Permanent Exhibits:

Our permanent exhibit galleries are located on the first and second floor of the museum. Our permanent exhibits focus on railroad history with an emphasis on the Santa Fe and railroads in Texas. We also have a changing exhibit gallery, with new exhibits every 2 to 3 months. Our temporary exhibits explore general topics in U.S. history, as well as railroad history.

Temporary Exhibit:

After Promontory: 150 Years of Transcontinental Railroading” – June 1 – September 30th 

After Promontory takes a wide view, considering the events at Promontory to be the start of a larger phenomenon, an entire era of transcontinental railroad construction that stretched for nearly fifty years. At its core is the assertion that, collectively, the transcontinental railroads profoundly reshaped the human geography of the West, giving birth to the region we recognize today.”

For those who ask what is Promontory?

ON MAY 10, 1869, TWO RAILROADS—built with haste, hope, and aspiration—joined in a lonely desert of northern Utah, at a place called Promontory. On that day, dignitaries from both companies—the Central Pacific, which had built from California, and the Union Pacific, which had built from the east—gave speeches and installed ceremonial last spikes.

The ceremonies were meant as a moment of self-congratulation, but the significance of the day’s events is far broader. In the ensuing decades, railroad after railroad proposed new, competing transcontinental routes—and sometimes completed them. Their construction swept away the dominance of native tribes, ended the open range, and restructured the West into a network of resources and industries dependent upon clusters of urban centers.

Upcoming Exhibition:

“Lines with Power and Purpose: Editorial Cartoons” – On Display October 21, 2020 – November 30, 2020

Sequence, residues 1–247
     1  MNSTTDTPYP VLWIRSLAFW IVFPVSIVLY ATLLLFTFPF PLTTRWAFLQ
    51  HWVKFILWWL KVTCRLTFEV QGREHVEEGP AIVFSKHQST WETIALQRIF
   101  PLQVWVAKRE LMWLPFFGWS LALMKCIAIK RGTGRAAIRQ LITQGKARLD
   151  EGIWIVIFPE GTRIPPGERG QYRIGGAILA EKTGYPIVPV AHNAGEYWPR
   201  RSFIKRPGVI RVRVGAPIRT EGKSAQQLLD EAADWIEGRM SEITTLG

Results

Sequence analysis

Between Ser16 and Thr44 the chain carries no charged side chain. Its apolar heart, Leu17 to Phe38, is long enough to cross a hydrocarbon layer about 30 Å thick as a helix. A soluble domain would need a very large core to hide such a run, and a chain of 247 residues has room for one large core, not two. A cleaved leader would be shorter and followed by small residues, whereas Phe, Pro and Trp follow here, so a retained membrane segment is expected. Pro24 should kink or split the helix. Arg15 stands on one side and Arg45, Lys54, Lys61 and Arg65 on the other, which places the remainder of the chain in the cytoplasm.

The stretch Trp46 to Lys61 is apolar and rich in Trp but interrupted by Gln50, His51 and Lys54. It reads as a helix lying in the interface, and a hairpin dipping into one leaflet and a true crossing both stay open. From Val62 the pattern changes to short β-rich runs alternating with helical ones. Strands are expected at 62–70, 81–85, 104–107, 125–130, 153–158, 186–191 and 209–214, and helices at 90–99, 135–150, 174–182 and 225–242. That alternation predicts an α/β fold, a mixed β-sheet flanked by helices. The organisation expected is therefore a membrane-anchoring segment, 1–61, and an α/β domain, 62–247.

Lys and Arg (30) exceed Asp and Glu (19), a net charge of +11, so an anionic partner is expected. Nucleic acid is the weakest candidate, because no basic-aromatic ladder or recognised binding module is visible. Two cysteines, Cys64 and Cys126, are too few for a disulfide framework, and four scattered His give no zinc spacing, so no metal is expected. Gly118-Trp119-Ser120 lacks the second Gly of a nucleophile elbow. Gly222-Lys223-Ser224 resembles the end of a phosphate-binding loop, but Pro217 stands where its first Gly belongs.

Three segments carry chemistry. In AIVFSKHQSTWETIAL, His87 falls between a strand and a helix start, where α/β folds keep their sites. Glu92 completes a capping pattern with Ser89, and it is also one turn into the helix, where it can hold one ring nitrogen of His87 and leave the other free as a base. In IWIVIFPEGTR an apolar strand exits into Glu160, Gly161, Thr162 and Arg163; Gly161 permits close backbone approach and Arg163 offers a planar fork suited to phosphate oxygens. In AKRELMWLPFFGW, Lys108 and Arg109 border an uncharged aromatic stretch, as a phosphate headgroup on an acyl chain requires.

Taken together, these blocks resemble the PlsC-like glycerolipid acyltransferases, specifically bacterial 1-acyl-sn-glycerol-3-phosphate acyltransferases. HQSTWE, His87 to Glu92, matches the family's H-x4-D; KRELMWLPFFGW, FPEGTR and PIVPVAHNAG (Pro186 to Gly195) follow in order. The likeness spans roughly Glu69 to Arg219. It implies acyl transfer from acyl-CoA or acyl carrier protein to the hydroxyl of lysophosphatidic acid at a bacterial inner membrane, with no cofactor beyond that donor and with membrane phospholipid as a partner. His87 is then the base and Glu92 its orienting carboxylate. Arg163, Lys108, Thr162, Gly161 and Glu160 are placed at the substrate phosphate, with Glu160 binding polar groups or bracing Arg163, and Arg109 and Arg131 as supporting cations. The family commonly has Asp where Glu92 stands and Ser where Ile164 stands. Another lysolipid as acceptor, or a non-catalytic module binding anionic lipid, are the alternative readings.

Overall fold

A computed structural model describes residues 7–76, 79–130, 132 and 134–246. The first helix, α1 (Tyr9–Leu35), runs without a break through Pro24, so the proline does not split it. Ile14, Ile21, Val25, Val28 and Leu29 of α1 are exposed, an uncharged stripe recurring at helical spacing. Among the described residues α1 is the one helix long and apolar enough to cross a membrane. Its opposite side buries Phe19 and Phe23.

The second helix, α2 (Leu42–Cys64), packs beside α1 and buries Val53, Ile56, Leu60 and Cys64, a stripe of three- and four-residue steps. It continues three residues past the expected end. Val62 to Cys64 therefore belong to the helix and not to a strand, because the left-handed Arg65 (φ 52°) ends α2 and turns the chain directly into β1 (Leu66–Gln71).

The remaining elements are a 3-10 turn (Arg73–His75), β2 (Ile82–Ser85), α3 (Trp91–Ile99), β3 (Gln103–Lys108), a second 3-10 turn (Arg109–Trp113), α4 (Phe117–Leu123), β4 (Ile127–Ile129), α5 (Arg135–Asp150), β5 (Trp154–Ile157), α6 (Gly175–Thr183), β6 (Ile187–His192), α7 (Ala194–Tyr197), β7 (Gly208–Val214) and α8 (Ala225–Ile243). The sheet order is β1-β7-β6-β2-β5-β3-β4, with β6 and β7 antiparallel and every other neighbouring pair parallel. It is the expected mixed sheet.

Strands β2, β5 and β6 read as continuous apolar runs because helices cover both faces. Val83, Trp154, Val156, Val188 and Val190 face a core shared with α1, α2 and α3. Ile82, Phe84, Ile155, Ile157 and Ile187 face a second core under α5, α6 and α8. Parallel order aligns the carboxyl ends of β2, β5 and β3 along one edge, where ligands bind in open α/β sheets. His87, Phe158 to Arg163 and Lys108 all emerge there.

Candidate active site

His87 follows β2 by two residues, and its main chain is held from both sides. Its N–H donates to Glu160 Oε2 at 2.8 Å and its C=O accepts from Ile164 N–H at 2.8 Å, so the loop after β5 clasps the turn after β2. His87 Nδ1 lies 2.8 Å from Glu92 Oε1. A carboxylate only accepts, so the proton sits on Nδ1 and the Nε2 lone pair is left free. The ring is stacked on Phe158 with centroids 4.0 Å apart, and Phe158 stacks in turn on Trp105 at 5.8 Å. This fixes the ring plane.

On a daily basis, editorial cartoonists deliver biting social commentary made palatable through amusing and well-crafted illustration. Lines with Power and Purpose: Editorial Cartoons features fifty-one original editorial cartoons from the nation’s great metropolitan newspapers during the Golden Age of print journalism. Included in the mix are six Pulitzer Prize–winning cartoonists, each demonstrating the theme of political commentary through editorial illustrations and addressing issues from the first half of the twentieth century.

These deceptively simple drawings frame the public’s understanding of early-to-mid twentieth-century world events and trends ranging from the two world wars, the great depression, public discontent with the US government, presidential elections, daily battles regarding work-related rejection, nostalgia for homespun neighborhood charm in the Midwest, and more. Along the way, these cartoons served a dualistic intention: to provide welcomed comic relief as well as shape opinion.

The cartoonist draws strength from the limited conventions of the newspaper context. Just as the strict rules of a haiku challenge the poet to create exactly the right mood within the tight construction of very few words, the editorial cartoonist presents a powerful distillation of political argument through a single image and maybe a few well-placed labels or a short caption.

To accomplish this underappreciated feat, cartoonists develop their own language—a language taught to and subsequently shared with their readers. Standard symbols such as the oft-used Uncle Sam or Statue of Liberty evoke abstract concepts such as nation, patriotism, and public interest. On a darker side, cartoons reveal the inherent cruelty of prejudice, xenophobia, and ignorance.

Political humor relies on an informed and receptive audience. Headline stories prime newspaper readers to more quickly grasp the cartoonist’s unique take on the news of the day. A talented cartoonist makes even complex political arguments accessible to ordinary citizens. The friendly strokes of the cartoonist’s pen often belie the rawness and reality of the issues at hand. This exhibition of editorial cartoons convey how cartoons effectively expose hypocrisy, reveal contradictions, introduce news ideas, and promote fresh perspectives as news events unfold.